Observing Bacteria under a Microscope
For this science activity, we will be observing bacteria under the microscope. We will be performing this microscope activity in order to have more insight about bacteria. Knowing more about them can be beneficial especially to high school and elementary students, as the role of bacteria is significant in everyday life. What we need is a high power compound light microscope for this activity. Bacteria are very small, and can’t be seen with a low power dissecting microscope. Even when using the high power compound microscope, the higher power objectives need to be used.
Bacteria can be found almost anywhere but despite their abundance, it is hard to obtain one as we please. However, we can make our own sample of bacteria for our microscope activity with a few simple steps. The first thing that you need to do is to put some hay in water and leave it in a warm place. Make sure not to put it under a source of light. When the liquid turns cloudy or if there is a film forming on its surface, place a drop of its water (using a water dropper) on a microscope slide and put on the cover slip.
If you want to be extra careful in experimenting on these bacteria, what you need to do is to subject these samples to a sterlizing treatment. When you put the drop of water (thriving with bacteria) on the microscope slide, add few drops of alcohol on it and ignite it immediately with a match. (It is ideal that the teacher or someone who is old enough perform this process or else, the students should be very careful in handling the specimen.) This process will kill the bacteria immediately. Afterwards, add a few drops of methylene blue microscope stain (which can be bought at science stores or found in most any science microscope kit). When the specimen is soaked in the solution, wash the excess off with water and leave it until it dries. Once the stained spot has dried, we put Canada balsam on the edges of the cover slip. This will glue the cover slip in place and conserve the sample inside. Once you’ve done this precaution, you can now feel secure in experimenting with your bacteria under the high power biological microscope.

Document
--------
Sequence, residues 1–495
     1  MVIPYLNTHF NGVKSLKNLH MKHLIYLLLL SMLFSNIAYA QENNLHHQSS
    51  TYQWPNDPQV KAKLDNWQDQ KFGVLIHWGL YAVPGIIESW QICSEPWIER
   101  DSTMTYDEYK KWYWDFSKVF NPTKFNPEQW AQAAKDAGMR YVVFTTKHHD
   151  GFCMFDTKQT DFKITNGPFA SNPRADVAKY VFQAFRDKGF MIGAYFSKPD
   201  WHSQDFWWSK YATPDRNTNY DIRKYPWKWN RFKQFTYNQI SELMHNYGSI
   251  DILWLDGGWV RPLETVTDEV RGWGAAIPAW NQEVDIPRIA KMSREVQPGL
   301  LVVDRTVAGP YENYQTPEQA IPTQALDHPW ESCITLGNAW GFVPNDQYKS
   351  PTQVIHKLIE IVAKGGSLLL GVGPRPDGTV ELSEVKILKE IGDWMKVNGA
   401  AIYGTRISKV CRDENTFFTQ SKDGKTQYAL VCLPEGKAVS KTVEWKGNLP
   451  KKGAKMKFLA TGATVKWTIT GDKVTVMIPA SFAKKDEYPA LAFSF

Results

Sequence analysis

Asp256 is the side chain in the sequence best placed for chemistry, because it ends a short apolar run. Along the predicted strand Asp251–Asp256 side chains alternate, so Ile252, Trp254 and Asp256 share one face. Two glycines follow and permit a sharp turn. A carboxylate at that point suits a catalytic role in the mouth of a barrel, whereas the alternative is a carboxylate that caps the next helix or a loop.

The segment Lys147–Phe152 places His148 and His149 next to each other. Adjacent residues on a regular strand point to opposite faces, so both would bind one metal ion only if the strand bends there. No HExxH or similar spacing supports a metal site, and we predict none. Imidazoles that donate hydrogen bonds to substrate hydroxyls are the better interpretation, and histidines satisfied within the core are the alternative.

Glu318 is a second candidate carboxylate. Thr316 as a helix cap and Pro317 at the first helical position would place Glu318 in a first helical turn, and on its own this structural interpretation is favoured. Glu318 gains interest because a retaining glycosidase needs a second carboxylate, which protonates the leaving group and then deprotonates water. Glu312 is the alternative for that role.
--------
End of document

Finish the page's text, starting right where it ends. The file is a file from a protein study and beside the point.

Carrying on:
If you look at this drop of water under a biological microscope, you will see that it is swarming with bacteria. The majority of these bacteria are the Hay Bacilli and these look like rod-shaped bodies with single cells and length that are four times longer than its breadth. Let us focus on these microscopic bacteria using the fine adjustment knobs and you will see black dots. These are the spores.
Let us leave the liquid sample (where we took the drop of bacteria) for a couple of days longer and examine it again under the microscope (using the same treatment done to the previous sample). You will see that the bacteria has doubled and that there are once-celled creatures that move and feed with the use of their cilia. These are the infusoria and they are quite difficult to follow because of their rapid movement.
Once we are done with the hay bacilli, we can take another look at bacteria by cultivating it through another method. What we need is beefsteak broth and mix several tablespoonfuls of it with a small amount of gelatin and a pinch of baking soda. Boil a mixture and when the gelatine has melted, leave it exposed in a dish for at least an hour in ordinary room temperature. After that we leave it in a warm place for several days or until spots of different colors appear on its surface.
We use the same treatment like what we did in the previous samples with this sample before examining it under the microscope. When we look at these microscopic creatures under our high power compound microscope, we will also see bacteria in different shapes and sizes. There are more ways to obtain bacteria. The simplest way will probably be pressing you finger on a jelly and leaving it for some days in warm temperature. After this, you will already have samples for your science microscope activity. It is however vital to remember that after each experiment, we have to disinfect the area and throw away the slide. Bacteria can be harmful and often make us sick.
Observing bacteria can be very educational to students especially when they only think of these microscopic beings as only harmful to one’s health. The majority of known bacteria may perhaps be harmful but there are also some bacteria that are helpful to our lives and bodies. Some bacteria are responsible for the decay of dead plants and animals, and in doing so, they excrete compound such as water ad carbon dioxide that are essential to life. There are more bacteria out there that are helpful to our environment and, without our knowledge, even to our lives. Observing them with the use of our high power biological compound microscope can therefore be very helpful for us to get to know them better. Looking at bacteria is exciting for students and a highly recommended microscope activity.